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Hanayamata Complete Series – Review


It’s good for what it is.

That’s the safest thing a reviewer can say when they’re reviewing something that they have absolutely no interest in, and probably didn’t even enjoy, but have to say it because they need to be able to respect the genre and the fanbase. I did this when I reviewed that very interesting AKB48 anime a while back.

Hanayamata falls in the same category as one of those school club anime like K-On!, and when I read the premise that’s exactly what it reminded me of. I did not like K-On!, not even in the slightest…. I mean an anime about a bunch of kids that start a band and succeed with ease, it’s hard to find that kind of optimism endearing, but I suppose that style of anime has its place when you just want to watch something light that portrays the absolute bare minimum of first world problems. I was expecting Hanayamata to be exactly that, where bunch of rich school kids start a little music/dance club and nothing but joy ensues. Little did I realise that it went above and beyond that basic premise by focusing on the challenges of growing up, making friends, and holding on to the precious joys and friendships of childhood. Hanayamata was a surprise, and I’m not going to say that it’s only good for what it is or its genre, I’m going to say it’s good no matter who you are or what your preference in anime is.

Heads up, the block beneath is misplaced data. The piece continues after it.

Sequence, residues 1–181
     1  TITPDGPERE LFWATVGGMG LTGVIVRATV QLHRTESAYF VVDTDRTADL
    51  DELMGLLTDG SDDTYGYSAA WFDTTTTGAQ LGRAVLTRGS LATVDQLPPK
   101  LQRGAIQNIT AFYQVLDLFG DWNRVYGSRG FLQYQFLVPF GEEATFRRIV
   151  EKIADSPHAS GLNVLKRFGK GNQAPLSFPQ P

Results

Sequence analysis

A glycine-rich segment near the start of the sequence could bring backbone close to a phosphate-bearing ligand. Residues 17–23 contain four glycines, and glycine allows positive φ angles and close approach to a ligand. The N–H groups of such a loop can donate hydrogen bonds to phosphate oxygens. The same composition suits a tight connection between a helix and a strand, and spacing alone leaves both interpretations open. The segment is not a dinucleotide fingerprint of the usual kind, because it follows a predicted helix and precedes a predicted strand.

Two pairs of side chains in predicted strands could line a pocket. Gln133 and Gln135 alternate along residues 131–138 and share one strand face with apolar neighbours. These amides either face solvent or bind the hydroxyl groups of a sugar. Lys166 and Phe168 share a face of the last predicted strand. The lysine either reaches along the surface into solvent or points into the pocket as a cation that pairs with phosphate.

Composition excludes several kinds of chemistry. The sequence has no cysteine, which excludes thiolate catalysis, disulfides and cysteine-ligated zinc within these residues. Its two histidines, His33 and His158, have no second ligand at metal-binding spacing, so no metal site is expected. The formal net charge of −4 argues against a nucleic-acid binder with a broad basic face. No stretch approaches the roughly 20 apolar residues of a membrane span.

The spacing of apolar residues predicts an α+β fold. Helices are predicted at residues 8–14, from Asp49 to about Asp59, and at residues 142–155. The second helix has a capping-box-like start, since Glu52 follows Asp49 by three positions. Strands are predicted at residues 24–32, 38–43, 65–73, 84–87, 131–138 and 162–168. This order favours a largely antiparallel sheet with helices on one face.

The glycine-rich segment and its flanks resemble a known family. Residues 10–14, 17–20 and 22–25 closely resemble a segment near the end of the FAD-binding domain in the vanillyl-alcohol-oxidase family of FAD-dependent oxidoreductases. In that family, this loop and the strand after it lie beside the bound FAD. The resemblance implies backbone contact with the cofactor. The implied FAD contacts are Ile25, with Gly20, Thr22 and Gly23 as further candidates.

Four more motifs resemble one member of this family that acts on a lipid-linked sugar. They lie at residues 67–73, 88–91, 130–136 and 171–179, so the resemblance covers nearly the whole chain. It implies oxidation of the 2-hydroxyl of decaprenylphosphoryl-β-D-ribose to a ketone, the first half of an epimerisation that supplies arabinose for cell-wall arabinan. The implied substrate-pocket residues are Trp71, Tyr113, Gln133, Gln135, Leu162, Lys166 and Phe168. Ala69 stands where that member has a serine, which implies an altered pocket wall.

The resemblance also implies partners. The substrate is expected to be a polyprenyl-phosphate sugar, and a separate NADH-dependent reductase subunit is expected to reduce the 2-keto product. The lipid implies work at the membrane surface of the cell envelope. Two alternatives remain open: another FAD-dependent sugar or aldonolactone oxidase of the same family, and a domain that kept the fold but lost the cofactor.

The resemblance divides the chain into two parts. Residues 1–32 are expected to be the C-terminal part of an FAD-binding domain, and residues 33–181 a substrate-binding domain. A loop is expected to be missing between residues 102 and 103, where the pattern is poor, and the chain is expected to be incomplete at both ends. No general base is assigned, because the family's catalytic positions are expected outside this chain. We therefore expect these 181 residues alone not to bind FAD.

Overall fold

Hanayamata follows the lives of middle school girls who are navigating the ups and downs of growing up and trying to figure out what makes them unique little snowflakes. It follows the journey of Naru, a shy but imaginative young girl who wishes she and her life were more magical than ordinary existence she seems to be stuck in. A chance encounter with Hana, who is dancing in the temple, somehow captivates Naru so strongly that she feels as if this was the magical moment she had dreamed of. Soon she learns that Hana is a foreigner who ends up joining her school and classroom, and from there a magical friendship ensues. Other characters join the circle, and it leads to a formation of a yosokai club. What is Yosokai you ask? Well it’s a traditional Japanese synchronised folk dance.